Nonetheless, those who work on projects with impacts on natural resources are increasingly being called on to make decisions premised on some level of understanding of the costs of past and future impacts of human activities on ecosystems. These decisions are being made in a wide variety of contexts that range from the assessment of liability for compensatory restoration of natural resources under the Comprehensive Environmental Response, Compensation, and Liability Act (CERCLA) and the Oil Pollution Act (OPA) to the assessment of compensatory mitigation in federal permitting contexts—for example, as part of Section 404(b) analyses under the Clean Water Act (CWA), in evaluating jeopardy and adverse impact under the Endangered Species Act, or in environmental impact statements (EISs) evaluating project impacts under the National Environmental Policy Act (NEPA).
Two tools that have been developed to value, relatively, such past and future impacts are the habitat equivalency analysis (HEA) and the resource equivalency analysis (REA). As HEAs and REAs proliferate, it is important to understand under what the circumstances such tools can legitimately be used to deliver the intended result—a quantification of restoration required to compensate for service losses resulting from past or projected future injury to natural resources. It will also be important for lawyers to understand the factors that affect the legal defensibility of HEAs and REAs across the variety of contexts in which they are being used. This article will explore the use of HEAs and REAs in decision making. In addition to providing a general explanation of these methodologies, this article will examine the existing legal frameworks within which these tools are being applied. It will then provide case examples to illustrate the basic scientific framework of HEAs and REAs and to assess their fit within the appropriate legal context. Finally, it will provide recommendations for future application of these tools consistent with both legal and scientific frameworks.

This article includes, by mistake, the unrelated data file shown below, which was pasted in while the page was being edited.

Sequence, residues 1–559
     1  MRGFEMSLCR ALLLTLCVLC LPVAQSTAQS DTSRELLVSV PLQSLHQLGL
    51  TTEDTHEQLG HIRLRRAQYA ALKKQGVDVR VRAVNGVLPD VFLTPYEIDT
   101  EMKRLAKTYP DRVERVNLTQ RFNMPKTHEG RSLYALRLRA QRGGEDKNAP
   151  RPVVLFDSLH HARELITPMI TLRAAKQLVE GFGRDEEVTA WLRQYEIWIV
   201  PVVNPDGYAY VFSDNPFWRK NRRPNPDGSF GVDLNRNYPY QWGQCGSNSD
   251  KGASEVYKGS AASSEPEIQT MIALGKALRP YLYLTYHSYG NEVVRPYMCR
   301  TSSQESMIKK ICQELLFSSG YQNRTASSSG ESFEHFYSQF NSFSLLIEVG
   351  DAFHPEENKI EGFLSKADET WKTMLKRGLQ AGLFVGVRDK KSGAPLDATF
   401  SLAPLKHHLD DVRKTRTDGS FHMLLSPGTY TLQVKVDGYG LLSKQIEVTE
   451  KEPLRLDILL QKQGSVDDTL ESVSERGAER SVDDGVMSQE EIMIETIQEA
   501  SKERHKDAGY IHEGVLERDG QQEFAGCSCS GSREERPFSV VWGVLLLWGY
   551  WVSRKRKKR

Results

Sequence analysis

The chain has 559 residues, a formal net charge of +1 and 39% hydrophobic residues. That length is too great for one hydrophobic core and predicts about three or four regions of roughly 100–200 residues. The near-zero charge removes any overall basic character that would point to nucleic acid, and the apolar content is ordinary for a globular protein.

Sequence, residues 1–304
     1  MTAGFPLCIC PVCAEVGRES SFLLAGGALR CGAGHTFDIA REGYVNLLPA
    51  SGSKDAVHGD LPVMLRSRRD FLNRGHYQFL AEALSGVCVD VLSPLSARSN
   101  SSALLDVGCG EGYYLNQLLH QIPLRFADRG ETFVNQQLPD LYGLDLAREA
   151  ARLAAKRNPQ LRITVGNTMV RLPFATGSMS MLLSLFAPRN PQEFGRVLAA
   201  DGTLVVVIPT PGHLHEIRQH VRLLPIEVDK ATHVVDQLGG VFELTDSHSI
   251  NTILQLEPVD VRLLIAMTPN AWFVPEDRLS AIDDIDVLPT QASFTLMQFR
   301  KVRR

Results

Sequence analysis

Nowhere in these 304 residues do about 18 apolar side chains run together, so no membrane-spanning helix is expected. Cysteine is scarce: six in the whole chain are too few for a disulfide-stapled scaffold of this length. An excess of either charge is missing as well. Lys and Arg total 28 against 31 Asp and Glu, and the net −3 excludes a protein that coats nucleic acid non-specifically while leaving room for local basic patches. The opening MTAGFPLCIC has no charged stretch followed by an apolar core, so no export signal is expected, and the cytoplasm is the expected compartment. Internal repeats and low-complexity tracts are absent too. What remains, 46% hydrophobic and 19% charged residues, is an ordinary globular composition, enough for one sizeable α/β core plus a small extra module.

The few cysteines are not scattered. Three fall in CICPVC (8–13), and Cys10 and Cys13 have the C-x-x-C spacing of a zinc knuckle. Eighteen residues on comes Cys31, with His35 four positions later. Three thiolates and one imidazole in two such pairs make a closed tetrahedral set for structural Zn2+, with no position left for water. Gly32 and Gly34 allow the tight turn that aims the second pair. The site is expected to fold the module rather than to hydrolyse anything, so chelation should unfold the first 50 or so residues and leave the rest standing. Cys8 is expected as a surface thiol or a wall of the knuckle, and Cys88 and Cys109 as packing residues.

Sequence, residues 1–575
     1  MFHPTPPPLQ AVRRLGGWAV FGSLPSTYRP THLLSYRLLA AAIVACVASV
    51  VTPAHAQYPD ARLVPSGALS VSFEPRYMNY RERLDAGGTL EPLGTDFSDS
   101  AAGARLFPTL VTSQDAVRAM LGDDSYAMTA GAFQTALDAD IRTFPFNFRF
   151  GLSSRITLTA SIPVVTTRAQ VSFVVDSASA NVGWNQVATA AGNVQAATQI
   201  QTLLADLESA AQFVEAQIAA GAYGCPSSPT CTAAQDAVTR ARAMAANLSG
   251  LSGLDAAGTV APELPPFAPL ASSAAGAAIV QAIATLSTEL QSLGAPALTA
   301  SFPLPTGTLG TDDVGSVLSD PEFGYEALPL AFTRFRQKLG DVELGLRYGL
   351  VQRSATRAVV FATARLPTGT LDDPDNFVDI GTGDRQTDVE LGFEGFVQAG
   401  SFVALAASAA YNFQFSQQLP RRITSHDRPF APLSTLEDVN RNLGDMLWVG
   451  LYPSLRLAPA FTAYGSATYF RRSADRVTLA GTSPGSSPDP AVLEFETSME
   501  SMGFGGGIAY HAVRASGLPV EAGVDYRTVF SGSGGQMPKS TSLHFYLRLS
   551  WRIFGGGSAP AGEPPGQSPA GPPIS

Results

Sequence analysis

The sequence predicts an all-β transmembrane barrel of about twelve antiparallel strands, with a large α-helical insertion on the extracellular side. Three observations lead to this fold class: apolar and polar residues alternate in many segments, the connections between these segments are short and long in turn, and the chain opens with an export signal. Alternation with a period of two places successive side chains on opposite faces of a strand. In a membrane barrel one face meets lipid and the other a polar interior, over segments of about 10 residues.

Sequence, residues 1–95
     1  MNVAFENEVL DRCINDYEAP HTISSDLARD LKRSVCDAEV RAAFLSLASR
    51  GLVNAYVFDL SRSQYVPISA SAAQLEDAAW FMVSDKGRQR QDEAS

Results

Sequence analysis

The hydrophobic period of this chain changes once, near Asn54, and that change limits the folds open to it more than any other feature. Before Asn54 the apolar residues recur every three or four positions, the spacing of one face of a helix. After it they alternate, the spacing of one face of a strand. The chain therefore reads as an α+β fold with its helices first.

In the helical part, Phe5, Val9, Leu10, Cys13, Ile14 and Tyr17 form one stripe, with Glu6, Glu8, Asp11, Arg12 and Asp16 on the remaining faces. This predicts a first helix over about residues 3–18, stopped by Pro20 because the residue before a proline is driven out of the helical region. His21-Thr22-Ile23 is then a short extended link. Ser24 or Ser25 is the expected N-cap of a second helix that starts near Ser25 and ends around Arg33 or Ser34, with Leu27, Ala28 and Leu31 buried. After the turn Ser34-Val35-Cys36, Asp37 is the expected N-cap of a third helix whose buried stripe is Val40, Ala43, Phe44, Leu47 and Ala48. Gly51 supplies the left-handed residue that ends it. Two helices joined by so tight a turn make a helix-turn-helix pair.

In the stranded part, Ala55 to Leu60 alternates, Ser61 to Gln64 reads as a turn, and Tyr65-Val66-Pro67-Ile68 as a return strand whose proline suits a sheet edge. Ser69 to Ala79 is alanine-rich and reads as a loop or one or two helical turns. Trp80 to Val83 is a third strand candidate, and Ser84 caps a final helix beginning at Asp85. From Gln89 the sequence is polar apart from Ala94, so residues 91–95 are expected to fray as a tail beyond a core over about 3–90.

In both HEAs and REAs, the valuation is achieved through the provision of restoration projects (compensatory restoration) that provide the same type and quality of ecological services that have been affected by a release of hazardous substances or that will be affected by a future permitted project. Because the services are identical, the prices of the services drop out of the valuation exercise. What is left is to determine the number of services that need to be provided and the cost of providing those services.
HEA uses a habitat metric, such as acres of land, and analyzes a change in services provided by that habitat, such as a percent reduction in services as a result of an injury. REA typically uses a resource metric that has had a population or quantity change. For example, an injury to a stream may have caused a reduction in the fish population. The number of fish in the stream reflects the reduction in services in the stream that resulted from a reduction in the quality of the habitat. Improvements in habitat at the site or elsewhere may increase the populations of fish and provide compensatory restoration. The number of fish projected to be produced through compensatory restoration is scaled with the number of fish lost as a result of the injury.
The legal framework for application of HEAs and REAs depends first on whether the analysis is intended for use in litigation. It also depends on whether the likely litigation is a de novo trial subject to federal or state evidentiary rules or a record review under a federal or state administrative procedures act. Whether or not litigation is initially intended, it is important to recognize that there are very few decisions made in the natural resources arena that are not potentially subject to litigation. That might be a de novo trial or a record review, but ultimately some fundamental legal constraints are likely to apply. Any HEA or REA offered in a trial de novo in federal or state court must survive challenges to the admissibility of expert evidence under Federal Rule of Evidence (FRE) 702 or its state-law equivalent. In federal court, Daubert v. Merrell Dow Pharmaceuticals, Inc., 509 U.S. 579 (1993), governs. The majority of states either have adopted Daubert or apply an analysis consistent with Daubert.